A barefoot or minimalist person still may have health problems, but I’d say overall less of these individuals do than those who wear the typical thick oversupportive shoes and especially orthotics. For those of you who may think that going barefoot does not have a significant impact on how you move and feel during the day I would ask how many of you are actually barefoot for a prolonged period of time each and every day? I have yet to meet a person who is often barefoot and no longer wears the typical shoes we see today who has not told me that they feel more vibrant, agile, and overall body awareness than when they were shod.
There’s More to Barefoot than Just the Feet
Each foot is home to thousands of nerve endings and the information they receive and pass on to the rest of the body is anything less than extraordinary. When your foot feels the ground, (or whatever is below it, including any footwear), the thousands of touch receptors in the nerve endings feed back to the rest of the entire nervous system. Since your nervous system runs your entire body, any foot impairment, dysfunction, injury, pain, or improper footwear can not only hinder you directly, (such as lower leg function and balance), but your entire health.
Walking or running barefoot is an ideal way to improve your proprioception (sense of position) and kinesthetic sense (the feedback your nervous system receives from your feet). Natural, unaltered motions of the human body provide optimal neurological input and increase blood flow to the brain improving the health of the nervous system. This increased blood flow provides more nutrients and oxygen to the brain and essentially the entire body thereby improving the health of the un-shod person. This is especially important in a developing child and is why a child should be barefoot as much as possible, inside and outside.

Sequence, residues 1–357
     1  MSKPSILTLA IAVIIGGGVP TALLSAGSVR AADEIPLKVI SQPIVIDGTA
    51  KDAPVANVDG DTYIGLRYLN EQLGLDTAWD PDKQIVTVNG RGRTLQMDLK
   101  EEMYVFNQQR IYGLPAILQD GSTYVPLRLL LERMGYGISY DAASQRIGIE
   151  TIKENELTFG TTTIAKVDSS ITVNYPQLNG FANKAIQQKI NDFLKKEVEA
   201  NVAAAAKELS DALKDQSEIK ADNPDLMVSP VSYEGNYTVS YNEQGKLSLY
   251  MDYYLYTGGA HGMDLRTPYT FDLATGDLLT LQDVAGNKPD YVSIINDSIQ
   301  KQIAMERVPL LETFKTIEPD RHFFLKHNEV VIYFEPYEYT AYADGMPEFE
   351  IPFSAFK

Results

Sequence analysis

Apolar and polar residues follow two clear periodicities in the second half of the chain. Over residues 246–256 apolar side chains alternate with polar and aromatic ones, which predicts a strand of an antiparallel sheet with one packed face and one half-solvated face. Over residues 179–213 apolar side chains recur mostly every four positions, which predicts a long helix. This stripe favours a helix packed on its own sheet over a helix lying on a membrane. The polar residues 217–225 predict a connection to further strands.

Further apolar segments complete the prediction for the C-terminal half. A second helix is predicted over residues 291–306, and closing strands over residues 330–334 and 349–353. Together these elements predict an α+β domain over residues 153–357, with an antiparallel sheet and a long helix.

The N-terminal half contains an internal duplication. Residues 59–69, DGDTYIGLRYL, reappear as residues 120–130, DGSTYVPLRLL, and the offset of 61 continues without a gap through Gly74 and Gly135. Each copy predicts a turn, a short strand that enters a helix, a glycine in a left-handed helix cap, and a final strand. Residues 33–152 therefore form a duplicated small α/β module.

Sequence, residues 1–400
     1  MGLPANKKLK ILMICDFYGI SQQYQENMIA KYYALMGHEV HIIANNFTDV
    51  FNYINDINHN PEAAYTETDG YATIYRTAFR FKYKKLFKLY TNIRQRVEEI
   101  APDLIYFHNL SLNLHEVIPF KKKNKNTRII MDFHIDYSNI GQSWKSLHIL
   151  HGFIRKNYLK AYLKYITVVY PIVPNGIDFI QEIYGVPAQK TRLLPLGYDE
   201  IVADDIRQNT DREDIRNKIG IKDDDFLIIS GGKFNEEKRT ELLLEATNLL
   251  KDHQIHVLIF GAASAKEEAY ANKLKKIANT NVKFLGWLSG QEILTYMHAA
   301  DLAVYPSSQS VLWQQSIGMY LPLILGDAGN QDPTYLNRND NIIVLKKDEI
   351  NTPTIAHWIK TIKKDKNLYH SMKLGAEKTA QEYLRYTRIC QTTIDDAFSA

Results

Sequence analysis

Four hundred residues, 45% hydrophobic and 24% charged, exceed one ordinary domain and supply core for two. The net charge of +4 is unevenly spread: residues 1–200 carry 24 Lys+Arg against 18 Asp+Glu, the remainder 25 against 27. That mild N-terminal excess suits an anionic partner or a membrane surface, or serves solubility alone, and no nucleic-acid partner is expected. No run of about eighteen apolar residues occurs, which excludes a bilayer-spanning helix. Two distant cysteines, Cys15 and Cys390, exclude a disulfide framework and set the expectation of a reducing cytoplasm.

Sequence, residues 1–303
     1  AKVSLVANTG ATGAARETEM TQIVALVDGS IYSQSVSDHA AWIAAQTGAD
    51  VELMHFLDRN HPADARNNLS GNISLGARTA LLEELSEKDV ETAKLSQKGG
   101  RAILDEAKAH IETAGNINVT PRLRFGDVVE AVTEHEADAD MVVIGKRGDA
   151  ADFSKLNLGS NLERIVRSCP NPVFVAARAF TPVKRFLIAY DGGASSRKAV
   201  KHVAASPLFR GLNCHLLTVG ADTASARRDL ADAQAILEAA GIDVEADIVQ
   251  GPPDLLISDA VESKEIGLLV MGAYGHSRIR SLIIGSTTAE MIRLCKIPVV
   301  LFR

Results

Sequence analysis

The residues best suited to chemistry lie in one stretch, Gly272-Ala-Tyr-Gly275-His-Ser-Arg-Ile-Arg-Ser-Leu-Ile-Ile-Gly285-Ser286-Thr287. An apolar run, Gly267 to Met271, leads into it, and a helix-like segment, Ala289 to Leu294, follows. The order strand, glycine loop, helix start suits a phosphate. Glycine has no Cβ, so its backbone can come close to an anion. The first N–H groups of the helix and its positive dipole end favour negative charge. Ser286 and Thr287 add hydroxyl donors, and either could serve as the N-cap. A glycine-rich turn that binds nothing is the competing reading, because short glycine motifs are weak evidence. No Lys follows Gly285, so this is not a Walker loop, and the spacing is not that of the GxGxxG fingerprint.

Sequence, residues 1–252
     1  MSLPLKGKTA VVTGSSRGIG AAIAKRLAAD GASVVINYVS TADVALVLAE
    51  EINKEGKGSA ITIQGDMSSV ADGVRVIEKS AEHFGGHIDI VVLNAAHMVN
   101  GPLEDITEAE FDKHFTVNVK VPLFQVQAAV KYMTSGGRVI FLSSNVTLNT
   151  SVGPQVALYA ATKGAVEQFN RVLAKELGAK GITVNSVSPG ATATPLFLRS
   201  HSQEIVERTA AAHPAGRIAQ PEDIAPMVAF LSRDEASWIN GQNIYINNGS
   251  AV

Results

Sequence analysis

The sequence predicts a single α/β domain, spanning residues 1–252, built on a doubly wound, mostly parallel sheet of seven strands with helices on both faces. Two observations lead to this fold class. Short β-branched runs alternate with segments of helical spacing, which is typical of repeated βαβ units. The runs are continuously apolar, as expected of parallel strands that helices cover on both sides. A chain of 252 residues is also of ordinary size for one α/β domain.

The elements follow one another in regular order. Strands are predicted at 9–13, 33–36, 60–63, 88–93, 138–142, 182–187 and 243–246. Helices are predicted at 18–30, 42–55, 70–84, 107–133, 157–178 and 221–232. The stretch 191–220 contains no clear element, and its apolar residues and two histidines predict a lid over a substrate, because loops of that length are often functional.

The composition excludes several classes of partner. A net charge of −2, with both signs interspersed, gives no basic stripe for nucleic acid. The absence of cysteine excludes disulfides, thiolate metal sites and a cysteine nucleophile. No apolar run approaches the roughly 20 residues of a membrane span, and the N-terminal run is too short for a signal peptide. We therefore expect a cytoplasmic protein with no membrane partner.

Barefoot Won’t Cure Cancer or Other Diseases, But it May Improve Your Health
There are some people with health issues who have no foot or leg problems, balance issues, or any body aches or pains. Are health problems and foot problems always related? Of course not. Do the feet always need to be examined and treated to get the person well from their ailment? Not necessarily – that depends on the individual (but examining foot health should be standard). The concept here is more that if you have a health problem yet you feel like your feet are already in excellent condition, then perhaps you can help your health problem by going barefoot more, (or start to if you’re not already), because of the amazing connection between your feet with your nervous system, fascia, and gait. Though, to reiterate, this type of person is rare, and often I find that once the person does try to go barefoot, they cannot, because they have lost their balance or perhaps they experience pain. They had a problem all along, it was just being supported (masked) by their footwear or perhaps an orthotic device.